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exactly what I was thinking. At least you know that ad will be watched
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Even now, nobody can deliver as large an audience for an ad as broadcast. If you need a broad audience for your ad, broadcast is still the best way to get it (with cable ads a second place, and Internet a distant third.)



It gets worse for the networks. Their biggest moneymaker for past year has been political ads. Those are about to stop (for a blissful couple of months, anyway.)
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"So if you're catching up with Revolution on Hulu (or via torrents), you don't really care that it's on NBC, right?"

Absolutely - if networks want to protect their brands they'll need to post more content on their own websites instead of turning their brand over to Hulu, etc.
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They did this at first, and most networks still do. But yeah, there's been a larger attempt to drive people to Hulu.
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Honestly, I don't get that either, BUT Hulu is partly owned by NBC/GE/Comcast.

The networks should take Hulu's technology, which I find pretty decent, and use it to stream shows on their websites first. Some network websites are not as good as Hulu or didn't use to be. After the season is done, allow Hulu to run the show along with other older shows from the network libraries, anime, movies, Korean stuff, British stuff, etc..
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No suggestions other than the ones you made. Enjoyable read!
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Networks are so behind the times, I will take my story as an example to prove it:



I was in India and started liking "Roswell", moved to the US, 2 episodes short of the first season finale. By the time I got to the US, Roswell had aired 3 seasons and was cancelled, repeats were during school time on Sy Fy and I never got to watch the rest of it. I got into the computer craze late and caught all the episodes online before buying the DVD collection.



Even after that I would watch Lost, Heroes, Smallville on live television (not that I am included in Nelson ratings). Eventually, life gets in the way and I would miss the first 30 minutes of smallville due to class and first 50 minutes of heroes due to work. Now I watch no programs on live TV, half the time I don't even know what network broadcasts those episodes because I am just never home when they air.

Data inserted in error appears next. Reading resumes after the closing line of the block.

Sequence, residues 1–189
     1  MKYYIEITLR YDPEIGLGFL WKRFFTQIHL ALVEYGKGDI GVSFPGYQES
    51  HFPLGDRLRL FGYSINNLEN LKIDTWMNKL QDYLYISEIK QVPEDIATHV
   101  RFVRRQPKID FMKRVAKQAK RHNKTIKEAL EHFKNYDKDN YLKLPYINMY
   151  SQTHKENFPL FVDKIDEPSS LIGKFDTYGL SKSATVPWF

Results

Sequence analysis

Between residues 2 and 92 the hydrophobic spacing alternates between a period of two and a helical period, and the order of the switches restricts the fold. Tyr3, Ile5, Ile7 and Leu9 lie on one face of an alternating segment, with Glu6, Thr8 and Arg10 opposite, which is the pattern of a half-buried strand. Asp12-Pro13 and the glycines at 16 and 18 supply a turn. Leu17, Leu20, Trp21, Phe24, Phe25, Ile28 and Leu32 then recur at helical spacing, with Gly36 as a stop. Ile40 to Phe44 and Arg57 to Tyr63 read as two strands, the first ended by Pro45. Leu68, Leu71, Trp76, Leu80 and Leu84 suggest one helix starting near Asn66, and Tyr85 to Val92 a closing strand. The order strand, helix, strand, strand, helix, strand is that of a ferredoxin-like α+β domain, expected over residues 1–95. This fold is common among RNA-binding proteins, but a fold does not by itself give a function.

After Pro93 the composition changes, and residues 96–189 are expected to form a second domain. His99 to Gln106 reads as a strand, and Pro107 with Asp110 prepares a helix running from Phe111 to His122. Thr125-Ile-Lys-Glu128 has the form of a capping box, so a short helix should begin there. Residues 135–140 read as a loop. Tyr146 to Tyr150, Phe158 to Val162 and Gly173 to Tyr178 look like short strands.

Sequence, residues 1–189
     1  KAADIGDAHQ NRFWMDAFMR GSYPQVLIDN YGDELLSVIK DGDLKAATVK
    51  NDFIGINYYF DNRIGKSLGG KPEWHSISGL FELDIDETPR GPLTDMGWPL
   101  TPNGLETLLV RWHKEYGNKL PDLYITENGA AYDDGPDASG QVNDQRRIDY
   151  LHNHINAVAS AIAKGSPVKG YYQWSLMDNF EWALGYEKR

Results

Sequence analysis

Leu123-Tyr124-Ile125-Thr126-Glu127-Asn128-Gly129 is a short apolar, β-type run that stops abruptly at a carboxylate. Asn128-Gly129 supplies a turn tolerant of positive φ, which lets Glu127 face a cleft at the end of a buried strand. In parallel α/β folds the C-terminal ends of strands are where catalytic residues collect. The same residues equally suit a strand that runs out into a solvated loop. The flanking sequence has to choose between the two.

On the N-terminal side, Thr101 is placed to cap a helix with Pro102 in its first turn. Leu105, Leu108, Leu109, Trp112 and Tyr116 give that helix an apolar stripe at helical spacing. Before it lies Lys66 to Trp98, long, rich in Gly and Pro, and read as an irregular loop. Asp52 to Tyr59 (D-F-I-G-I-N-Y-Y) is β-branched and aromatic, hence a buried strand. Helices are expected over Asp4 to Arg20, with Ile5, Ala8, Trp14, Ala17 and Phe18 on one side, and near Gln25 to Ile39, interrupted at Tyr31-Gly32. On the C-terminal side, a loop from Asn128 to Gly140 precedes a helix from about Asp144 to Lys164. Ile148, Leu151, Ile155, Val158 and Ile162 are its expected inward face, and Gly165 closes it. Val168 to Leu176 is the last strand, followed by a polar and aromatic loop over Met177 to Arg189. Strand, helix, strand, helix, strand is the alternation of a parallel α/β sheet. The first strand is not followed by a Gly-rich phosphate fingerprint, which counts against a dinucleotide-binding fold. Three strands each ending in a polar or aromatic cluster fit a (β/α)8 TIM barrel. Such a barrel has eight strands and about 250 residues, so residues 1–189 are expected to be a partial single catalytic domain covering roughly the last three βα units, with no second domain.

How long before every one does the same? Didn't take long for me to go from making sure I catch every episode live to watching it at my own time without advertisements.
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Well, you know what's poppin'....bro are DVR's where you can record things and watch them later (if your mom will let you watch them before your bedtime, that is.) Hulu's kind of a second option for a lot of people who don't DVR shows and don't catch the show when it first comes on. Who wouldn't want to watch their favorite show when it comes on the air? You'd have to wait an entire day to watch it, and by then everyone at school would be, like, TOTALLY talking about it, right?
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Dude I am 25 lol. When I said school I was talking about when I was 15. Lost, Heroes and Smallville was when I was in college (hence classes at 8 pm). I can DVR but I did away with a TV altogether to cut down on expenses. When I get a better job, I will start doing DVR again. And I normally watch shows 3-4 hours after they air in the U.S. (left the states too).
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I sympathize with you, but if you give up cable, for whatever reason, that's on you. We should still have to pay for the product, or the system entirely falls apart.
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Cable has a goal in mind...get viewers. Word of mouth and internet talk will build up a fan base. I think Cable has been able to excel partly because they offer multiple airings of their shows. If you miss it at 9 you can catch it again at 10 or watch it the next week.



Networks only want advertising dollars. It seems like if they don't have enough live viewers in the first few episodes they move onto the next thing. In this age of technology, you can't keep viewers that way.



Guess which shows I watch live each week? Walking Dead, Game of Thrones, Breaking Bad, SOA. The latter two I started watching after their first and second seasons aired because they were on Netflix.



Hmmm...something to think about.



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Cable also has the benefit of major carriage fees from the cable providers too though. So they have the luxury to not emphasize ad dollars as much. Again, the models are different. I'm not saying broadcast nets are TO BLAME for their failures. It might be something they can't stop.